In a free market, the fair price is reached when supply equals demand. There is a shortage of programmers. Therefore, programmers are underpaid.
Why is obvious. Software has grown rapidly for many decades now. The skilled labor pool can’t adjust nearly as quickly, because our training system for skilled workers is FUBAR. Hence, the market wage for programming has grown rapidly. Wages are sticky, as employers don’t want to pay much more than what they see as historical norms. And so, when wages can’t rise fast enough to meet demand, we get shortages.
But the shortage is concentrated in the rock-star Silicon Valley companies like Google and top VC-backed startups. Of course, this is connected to the increased reach and so increased market power which technology gives to the stars in this and other industries. In most of the remainder of the software industry, this is not occurring, possibly because of offshoring.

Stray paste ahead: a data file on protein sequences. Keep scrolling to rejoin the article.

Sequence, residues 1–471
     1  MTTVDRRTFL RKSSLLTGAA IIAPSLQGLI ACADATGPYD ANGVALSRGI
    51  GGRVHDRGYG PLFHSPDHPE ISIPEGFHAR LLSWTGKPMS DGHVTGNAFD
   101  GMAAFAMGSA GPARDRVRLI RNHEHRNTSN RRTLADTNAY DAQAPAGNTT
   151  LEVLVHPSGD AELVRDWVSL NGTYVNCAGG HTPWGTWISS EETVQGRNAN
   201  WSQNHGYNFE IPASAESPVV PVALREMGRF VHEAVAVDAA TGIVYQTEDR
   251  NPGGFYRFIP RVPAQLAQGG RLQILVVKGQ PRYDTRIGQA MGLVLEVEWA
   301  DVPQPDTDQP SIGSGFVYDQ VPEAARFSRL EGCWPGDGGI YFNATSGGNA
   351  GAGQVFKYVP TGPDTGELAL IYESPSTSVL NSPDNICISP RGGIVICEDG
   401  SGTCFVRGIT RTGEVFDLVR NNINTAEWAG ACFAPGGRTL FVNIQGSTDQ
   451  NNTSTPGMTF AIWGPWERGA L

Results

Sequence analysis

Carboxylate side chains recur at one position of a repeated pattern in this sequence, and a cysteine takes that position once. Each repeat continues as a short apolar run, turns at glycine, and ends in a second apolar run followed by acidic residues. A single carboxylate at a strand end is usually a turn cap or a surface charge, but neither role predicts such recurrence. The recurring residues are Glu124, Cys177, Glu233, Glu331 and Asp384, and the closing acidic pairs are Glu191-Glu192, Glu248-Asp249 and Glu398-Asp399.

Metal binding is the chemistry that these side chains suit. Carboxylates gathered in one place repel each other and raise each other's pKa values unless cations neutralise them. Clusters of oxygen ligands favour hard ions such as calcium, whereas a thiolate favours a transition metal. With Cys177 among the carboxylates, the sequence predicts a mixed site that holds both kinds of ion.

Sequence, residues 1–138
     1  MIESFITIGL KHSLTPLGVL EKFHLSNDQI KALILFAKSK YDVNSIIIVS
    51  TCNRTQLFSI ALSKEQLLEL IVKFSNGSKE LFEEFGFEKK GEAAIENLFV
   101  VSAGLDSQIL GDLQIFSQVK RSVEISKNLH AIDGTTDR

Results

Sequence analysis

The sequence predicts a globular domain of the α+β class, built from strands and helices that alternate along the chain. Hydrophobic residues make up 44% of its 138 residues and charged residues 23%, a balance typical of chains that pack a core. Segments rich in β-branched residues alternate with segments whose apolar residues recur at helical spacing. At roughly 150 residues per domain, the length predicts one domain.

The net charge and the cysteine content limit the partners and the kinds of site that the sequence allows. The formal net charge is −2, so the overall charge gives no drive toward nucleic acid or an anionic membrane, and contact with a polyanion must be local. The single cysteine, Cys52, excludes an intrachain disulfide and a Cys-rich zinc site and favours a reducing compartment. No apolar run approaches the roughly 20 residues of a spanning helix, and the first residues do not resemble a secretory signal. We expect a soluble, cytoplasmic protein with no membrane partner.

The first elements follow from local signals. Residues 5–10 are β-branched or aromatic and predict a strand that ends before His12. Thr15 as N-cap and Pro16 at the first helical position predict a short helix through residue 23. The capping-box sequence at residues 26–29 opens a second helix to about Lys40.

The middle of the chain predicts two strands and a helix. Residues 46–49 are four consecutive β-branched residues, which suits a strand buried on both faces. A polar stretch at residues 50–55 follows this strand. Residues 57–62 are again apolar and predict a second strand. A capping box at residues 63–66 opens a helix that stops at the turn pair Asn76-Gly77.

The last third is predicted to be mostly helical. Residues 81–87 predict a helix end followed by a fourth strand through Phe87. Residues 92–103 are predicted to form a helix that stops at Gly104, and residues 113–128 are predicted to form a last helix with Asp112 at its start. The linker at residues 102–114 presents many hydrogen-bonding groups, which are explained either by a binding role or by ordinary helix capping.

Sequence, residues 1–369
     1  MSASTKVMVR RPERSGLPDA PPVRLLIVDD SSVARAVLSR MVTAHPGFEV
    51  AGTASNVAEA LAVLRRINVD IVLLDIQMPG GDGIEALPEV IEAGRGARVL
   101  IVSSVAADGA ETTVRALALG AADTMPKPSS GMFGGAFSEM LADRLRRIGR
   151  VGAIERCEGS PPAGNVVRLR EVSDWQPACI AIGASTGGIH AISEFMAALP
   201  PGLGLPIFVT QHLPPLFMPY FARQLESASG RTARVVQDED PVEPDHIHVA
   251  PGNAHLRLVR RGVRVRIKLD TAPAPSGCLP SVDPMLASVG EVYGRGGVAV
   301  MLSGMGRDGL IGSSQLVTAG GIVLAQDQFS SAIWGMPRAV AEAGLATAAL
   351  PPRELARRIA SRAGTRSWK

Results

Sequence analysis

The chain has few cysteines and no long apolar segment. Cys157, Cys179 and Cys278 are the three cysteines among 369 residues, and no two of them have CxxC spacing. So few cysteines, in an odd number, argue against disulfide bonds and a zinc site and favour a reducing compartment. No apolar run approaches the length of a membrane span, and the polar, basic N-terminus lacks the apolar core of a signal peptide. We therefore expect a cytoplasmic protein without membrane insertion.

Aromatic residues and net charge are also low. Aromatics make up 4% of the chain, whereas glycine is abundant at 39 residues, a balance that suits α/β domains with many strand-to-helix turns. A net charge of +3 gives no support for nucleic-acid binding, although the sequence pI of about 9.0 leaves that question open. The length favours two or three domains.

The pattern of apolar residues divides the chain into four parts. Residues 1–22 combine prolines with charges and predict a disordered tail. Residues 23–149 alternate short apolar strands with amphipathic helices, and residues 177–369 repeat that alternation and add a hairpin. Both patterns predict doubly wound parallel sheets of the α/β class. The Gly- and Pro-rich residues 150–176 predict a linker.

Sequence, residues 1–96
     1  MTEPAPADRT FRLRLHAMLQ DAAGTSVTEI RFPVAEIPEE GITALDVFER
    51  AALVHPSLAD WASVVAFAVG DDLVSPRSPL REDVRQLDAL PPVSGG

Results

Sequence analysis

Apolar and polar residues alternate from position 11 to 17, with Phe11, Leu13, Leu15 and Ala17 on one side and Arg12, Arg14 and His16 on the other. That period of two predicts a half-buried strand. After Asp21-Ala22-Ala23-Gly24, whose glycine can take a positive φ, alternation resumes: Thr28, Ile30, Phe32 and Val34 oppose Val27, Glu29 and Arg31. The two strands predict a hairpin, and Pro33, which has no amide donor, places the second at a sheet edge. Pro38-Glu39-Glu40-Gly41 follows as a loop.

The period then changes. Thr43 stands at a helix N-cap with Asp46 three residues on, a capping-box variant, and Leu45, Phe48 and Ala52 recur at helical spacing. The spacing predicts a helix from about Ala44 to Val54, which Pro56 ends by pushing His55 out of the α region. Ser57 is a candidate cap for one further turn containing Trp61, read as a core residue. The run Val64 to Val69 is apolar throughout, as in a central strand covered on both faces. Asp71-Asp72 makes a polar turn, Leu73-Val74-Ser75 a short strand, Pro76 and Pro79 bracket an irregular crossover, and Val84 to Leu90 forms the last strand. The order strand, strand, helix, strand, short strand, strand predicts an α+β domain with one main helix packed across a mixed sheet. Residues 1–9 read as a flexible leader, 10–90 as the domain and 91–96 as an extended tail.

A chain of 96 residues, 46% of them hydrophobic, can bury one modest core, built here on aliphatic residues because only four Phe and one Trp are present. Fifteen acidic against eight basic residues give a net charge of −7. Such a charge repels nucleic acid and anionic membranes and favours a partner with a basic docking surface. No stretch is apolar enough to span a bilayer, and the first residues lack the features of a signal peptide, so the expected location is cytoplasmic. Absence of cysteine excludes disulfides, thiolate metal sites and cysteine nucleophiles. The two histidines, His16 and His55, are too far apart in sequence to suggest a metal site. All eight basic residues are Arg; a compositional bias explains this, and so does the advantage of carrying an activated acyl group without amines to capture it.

There’s no shortage of *bad* programmers… if wages are too low, it’s because it’s hard to tell the difference between a good one and a bad one.
Right, “here’s no shortage of *bad* programmers”, but in software, particularly, it seems easy to identify the top ones, e.g., those who write open-source or have significant entrepreneurial activity.
There are very very few of these. Members of the elite get the optical illusion that there are more such people, because that is who they rub shoulders with. Also, rockstars get more exposure.
Most skilled professions are composed of a lot of competent, capable professionals, a few dolts, and a tiny fraction of top stars.
What is happening in software and many other industries today is different from that old-fashioned situation.
The tiny minority of ninja rockstars is in great demand, and so garnering a much higher income. Wages are sticky, as the post says, but not because “our training system for skilled workers is FUBAR,” but rather because rockstars are by nature super-rare.
Meanwhile, for better or worse, the demand for bulk of skilled, competent professionals is not keeping up.